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Mary Elizabeth Tenn, a Manchester trial lawyer, takes office as president of the New Hampshire Bar Association on June 19, 2015 at the Bar Association’s Annual Meeting. As president of the Association, which represents all lawyers licensed to practice law in the state, Tenn said she intends to focus the culture of professionalism and civility that characterizes the practice of law in the state.

Mary Tenn takes office as President of the NH Bar Assoc.

Mary Tenn takes office as President of the NH Bar Assoc.

Tenn, a New Hampshire native, practices with the law firm of Tenn And Tenn, PA along with her three siblings James J. Tenn, Jr., John J. Tenn and Annmarie A. Tenn. Notably, Tenn is the second person in her family and in her firm to serve as president of the NH Bar Association, and follows her brother James J. Tenn, Jr. a past president of the New Hampshire Bar Association in 2009-2010. This year, Tenn And Tenn, PA, marks its 20th year of existence.

Tenn received her J.D. degree, cum laude, from Harvard Law School, where she served as an editor of the Harvard Civil Rights Civil Liberties Law Review. She received a B.A., summa cum laude, from Boston College, where she was elected to Phi Beta Kappa and awarded membership in the National Jesuit Honor Society—The Order of the Cross and Crown.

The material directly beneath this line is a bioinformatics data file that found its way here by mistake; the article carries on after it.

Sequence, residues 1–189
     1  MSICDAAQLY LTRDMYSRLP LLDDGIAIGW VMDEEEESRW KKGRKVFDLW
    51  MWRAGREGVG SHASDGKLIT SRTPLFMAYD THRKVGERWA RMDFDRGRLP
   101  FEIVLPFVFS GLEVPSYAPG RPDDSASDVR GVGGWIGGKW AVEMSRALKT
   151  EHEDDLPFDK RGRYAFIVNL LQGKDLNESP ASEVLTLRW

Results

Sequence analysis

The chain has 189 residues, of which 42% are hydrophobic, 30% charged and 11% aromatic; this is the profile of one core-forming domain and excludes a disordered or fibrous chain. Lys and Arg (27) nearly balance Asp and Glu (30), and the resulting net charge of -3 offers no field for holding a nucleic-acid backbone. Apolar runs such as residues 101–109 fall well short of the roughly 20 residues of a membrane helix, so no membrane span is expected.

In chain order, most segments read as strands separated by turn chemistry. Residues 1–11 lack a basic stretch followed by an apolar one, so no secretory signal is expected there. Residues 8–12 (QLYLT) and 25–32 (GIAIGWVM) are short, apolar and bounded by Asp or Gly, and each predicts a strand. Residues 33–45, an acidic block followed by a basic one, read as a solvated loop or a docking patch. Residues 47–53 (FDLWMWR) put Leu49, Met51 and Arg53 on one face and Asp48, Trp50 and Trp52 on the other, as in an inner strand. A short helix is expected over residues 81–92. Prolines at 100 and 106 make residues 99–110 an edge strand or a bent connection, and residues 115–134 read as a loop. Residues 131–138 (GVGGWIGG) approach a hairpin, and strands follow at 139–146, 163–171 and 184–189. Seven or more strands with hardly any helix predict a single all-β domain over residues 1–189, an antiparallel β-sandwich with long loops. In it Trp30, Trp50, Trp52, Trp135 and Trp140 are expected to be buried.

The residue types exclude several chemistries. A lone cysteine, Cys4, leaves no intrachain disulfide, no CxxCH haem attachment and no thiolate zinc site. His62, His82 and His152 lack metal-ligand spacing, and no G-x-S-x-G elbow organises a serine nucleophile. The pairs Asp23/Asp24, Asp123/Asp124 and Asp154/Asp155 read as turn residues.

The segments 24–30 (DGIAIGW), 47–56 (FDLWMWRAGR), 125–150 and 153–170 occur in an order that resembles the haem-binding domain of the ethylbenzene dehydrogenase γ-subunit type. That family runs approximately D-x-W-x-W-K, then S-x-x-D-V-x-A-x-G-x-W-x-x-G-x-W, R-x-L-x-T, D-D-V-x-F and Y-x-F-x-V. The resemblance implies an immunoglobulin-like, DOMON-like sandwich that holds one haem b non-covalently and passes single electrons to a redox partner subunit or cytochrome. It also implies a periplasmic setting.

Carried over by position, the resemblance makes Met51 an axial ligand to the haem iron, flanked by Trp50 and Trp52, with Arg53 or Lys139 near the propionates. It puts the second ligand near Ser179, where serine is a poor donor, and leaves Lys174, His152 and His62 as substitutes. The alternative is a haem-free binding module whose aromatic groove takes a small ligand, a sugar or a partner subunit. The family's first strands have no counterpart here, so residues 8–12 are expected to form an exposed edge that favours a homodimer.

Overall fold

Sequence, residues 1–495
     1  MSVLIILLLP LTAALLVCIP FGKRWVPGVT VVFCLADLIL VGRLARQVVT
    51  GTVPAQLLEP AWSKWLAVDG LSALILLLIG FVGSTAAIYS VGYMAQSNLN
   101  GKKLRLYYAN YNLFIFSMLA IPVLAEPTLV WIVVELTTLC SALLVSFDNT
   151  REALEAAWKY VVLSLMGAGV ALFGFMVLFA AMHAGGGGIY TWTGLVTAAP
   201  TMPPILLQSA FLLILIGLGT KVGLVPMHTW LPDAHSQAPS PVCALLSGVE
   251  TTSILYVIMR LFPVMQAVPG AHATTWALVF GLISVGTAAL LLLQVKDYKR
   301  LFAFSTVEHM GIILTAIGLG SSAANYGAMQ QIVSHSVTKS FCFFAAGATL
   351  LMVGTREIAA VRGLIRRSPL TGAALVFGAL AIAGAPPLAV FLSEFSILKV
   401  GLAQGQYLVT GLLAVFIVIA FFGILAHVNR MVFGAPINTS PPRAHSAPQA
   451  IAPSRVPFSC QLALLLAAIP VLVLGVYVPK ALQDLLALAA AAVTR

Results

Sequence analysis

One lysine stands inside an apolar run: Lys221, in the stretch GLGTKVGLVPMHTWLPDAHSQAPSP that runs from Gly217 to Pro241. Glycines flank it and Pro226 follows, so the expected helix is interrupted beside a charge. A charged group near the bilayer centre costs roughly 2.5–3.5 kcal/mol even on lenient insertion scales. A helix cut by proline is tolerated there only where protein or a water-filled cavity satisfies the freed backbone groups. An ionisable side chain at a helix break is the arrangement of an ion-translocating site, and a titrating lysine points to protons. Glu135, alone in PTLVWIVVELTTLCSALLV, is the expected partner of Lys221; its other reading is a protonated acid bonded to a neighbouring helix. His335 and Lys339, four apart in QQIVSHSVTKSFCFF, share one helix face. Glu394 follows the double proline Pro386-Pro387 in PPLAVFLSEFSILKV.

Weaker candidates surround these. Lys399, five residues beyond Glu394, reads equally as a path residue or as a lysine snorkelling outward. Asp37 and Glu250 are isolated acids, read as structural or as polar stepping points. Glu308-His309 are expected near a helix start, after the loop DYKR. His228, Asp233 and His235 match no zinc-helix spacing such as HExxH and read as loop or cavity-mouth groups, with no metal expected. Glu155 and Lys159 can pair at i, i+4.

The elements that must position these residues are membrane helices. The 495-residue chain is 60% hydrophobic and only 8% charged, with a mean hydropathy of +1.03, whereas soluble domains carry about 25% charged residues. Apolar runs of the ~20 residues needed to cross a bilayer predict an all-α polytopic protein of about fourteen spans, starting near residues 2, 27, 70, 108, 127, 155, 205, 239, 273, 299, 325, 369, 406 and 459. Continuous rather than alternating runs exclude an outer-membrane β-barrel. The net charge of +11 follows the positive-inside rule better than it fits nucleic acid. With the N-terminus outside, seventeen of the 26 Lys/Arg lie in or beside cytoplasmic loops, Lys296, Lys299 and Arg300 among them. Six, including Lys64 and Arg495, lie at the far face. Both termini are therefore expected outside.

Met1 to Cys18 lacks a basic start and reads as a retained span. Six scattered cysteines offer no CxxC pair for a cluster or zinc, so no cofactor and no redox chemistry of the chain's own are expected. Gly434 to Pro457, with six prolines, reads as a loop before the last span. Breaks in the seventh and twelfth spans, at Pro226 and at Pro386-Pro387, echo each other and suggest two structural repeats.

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As New Hampshire Bar Association President and practicing attorney at Tenn And Tenn, P.A., James J. Tenn emphasizes in a New Hampshire Bar Association News article the impact attorneys can have if they become more actively involved in speaking out about how cost reductions are hurting the justice system. While the closing of New Hampshire courts is a response to financial crisis in the state, lawyers are concerned about an increase in court delays, fewer available court dates, and other inconveniences for timely cases that individuals are relying on to be resolved promptly.

Courthouses throughout New Hampshire shut their doors on April 2, 2010 and again on April 30 as a part of the NH Supreme Court’s response to the state’s current financial calamity. The courthouses will close again on May 28 as well as on additional dates yet to be disclosed. On these days of closure, judicial branch employees take unpaid furloughs to help with the state legislature’s decision to lower judicial expenditures by at least $3.1 million dollars by June 30, 2011 as part of an anticipated state expenditure decrease of $25 million dollars.

The judicial branch plans on closing NH courts 17 days in 2010 and an additional number of days in 2011. James J. Tenn reminds attorneys and citizens alike how critical the preservation of access to justice is even during challenging times presented by a struggling economy. In the article, Mr. Tenn states, “The proper administration of justice requires that our court system remain accessible. Adequate funding is needed to ensure that sufficient staff is on hand to keep our courts open and the process moving.”

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